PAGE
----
Excellent article by the CEO of LatticeEngines about the importance of finding early customers outside of the Valley, helping to validate your product using more “real world” users (i.e. not early adopters).
Enterprise tech is another level of difficult. The deals are few and far between in the early days. You struggle to find anyone willing to listen to you. Then you have to fight through organizational morass that does not favor startups. But each deal makes your product story clearer and your sales execution sharper until you hit that inflection point where deals start to pour in.
In corporate IT, procurement processes have not traditionally been aligned with rapid development cycles and cloud-based services, which are easy to source and deploy. Developers that are accustomed to working in fast-moving environments with scalable, easy-to-implement products have long since been impeded by outdated procurement processes for new vendors, which slow down prototyping and time-to-market.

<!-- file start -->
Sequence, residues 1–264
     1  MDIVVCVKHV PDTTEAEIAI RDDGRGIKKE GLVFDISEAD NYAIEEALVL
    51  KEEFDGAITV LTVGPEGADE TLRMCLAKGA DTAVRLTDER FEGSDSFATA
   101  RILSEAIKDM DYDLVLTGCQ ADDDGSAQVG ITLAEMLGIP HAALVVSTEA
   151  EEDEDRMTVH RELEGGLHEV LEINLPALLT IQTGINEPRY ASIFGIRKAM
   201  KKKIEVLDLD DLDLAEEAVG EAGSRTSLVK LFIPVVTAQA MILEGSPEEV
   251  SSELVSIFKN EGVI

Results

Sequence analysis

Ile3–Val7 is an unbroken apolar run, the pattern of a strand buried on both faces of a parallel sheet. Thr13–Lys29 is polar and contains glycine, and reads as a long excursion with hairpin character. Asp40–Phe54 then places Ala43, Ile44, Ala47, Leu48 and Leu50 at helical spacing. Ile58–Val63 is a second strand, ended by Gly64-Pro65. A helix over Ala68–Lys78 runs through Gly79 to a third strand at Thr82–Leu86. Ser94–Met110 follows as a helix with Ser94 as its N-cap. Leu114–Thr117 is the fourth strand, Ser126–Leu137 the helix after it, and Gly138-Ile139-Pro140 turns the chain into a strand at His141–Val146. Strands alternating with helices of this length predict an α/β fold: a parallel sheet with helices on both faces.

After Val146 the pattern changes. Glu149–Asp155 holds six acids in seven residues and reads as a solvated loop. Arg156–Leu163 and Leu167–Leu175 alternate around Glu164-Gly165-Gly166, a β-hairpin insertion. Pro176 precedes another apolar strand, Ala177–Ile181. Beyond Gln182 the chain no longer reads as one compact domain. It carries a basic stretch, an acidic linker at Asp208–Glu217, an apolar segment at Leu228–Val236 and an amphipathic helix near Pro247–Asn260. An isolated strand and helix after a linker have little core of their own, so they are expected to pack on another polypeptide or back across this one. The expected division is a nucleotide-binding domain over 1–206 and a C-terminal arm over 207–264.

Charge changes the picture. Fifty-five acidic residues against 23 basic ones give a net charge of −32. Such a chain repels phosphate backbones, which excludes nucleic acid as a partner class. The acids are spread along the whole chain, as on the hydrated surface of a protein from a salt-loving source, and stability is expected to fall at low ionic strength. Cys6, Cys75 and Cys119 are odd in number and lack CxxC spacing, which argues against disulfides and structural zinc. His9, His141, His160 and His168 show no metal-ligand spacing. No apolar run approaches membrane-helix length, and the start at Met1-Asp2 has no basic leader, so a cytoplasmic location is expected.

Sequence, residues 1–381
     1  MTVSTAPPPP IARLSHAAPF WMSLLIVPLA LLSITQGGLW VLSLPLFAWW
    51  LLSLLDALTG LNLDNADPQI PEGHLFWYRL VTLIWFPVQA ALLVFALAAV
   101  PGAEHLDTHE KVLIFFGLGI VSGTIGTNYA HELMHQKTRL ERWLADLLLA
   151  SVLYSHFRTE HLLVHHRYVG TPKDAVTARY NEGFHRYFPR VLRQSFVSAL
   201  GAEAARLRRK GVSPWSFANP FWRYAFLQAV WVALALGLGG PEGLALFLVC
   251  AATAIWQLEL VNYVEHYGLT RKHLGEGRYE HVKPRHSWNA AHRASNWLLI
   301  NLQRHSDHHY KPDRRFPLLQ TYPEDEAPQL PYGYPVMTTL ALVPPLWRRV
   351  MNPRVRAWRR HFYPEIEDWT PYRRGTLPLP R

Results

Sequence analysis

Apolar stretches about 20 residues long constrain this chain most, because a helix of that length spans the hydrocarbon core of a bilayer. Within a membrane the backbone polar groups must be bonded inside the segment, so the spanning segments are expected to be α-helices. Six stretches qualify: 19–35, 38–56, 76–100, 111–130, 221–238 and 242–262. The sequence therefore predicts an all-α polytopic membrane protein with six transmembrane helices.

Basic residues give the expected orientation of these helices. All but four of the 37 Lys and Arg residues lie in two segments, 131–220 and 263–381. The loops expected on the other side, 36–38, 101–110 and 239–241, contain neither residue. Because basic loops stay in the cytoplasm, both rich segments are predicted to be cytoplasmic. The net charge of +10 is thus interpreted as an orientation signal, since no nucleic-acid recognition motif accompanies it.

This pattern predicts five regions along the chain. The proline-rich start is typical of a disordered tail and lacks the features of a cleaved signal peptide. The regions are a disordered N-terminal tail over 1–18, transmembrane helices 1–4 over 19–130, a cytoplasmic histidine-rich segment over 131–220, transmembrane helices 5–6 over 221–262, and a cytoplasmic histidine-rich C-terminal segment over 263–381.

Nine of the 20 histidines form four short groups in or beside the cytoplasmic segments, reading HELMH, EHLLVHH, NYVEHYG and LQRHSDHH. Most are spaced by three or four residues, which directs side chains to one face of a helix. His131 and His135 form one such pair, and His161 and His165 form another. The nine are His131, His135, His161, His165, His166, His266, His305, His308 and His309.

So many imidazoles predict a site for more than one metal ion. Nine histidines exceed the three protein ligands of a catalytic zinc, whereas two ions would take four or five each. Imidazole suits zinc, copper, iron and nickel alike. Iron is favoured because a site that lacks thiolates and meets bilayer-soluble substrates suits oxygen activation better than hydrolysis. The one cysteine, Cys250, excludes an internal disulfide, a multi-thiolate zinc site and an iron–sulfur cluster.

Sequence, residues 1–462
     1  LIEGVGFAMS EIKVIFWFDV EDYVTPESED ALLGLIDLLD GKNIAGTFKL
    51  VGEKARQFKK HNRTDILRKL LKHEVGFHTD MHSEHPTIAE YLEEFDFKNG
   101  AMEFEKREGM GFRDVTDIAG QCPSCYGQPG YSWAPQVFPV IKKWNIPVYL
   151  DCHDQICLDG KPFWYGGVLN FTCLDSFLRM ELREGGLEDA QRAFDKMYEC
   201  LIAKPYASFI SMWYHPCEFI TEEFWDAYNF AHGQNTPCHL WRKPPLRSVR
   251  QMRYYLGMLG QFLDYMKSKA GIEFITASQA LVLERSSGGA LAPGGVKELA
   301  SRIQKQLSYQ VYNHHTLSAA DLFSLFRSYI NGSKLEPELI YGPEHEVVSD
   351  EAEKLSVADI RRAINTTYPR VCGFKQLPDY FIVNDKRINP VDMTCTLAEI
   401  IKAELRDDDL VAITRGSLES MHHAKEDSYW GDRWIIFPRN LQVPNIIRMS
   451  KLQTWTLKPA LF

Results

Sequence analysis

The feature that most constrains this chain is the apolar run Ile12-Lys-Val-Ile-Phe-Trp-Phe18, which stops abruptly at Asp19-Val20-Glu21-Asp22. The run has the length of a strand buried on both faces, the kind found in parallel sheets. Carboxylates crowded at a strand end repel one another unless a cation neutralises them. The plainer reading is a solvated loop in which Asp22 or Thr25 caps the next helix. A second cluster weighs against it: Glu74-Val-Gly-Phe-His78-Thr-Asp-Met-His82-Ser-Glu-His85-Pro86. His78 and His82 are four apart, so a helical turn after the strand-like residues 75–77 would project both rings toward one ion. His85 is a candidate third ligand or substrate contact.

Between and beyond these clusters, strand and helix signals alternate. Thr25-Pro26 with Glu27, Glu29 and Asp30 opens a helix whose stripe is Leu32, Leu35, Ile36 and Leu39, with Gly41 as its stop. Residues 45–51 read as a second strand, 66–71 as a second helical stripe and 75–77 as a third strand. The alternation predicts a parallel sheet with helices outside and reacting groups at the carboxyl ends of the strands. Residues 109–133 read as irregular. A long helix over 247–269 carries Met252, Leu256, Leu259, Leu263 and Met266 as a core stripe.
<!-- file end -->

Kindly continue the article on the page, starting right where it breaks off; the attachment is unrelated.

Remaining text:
Frustrated by procurement, developers in corporate IT build and use solutions inside organizations without explicit organizational approval. This is known as shadow IT; they use the services they need when they need them, but this leads to the danger of teams and management losing control of deployed services.
This is analogous to the “shadow apps” used by business people (often in sales and marketing groups) to get things done. Sometimes I ask people in large enterprises if they use Dropbox or Evernote for work purposes, and sheepishly they will respond yes. Eventually the need to get something done outweighs the need to maintain corporate IT policies. That is the new reality of IT departments, the fact that it is users, and not their processes and rules, that are choosing the tools that the business will use.
Peter Thiel was not the only one inferring that certain tech company executives were taking illicit substances…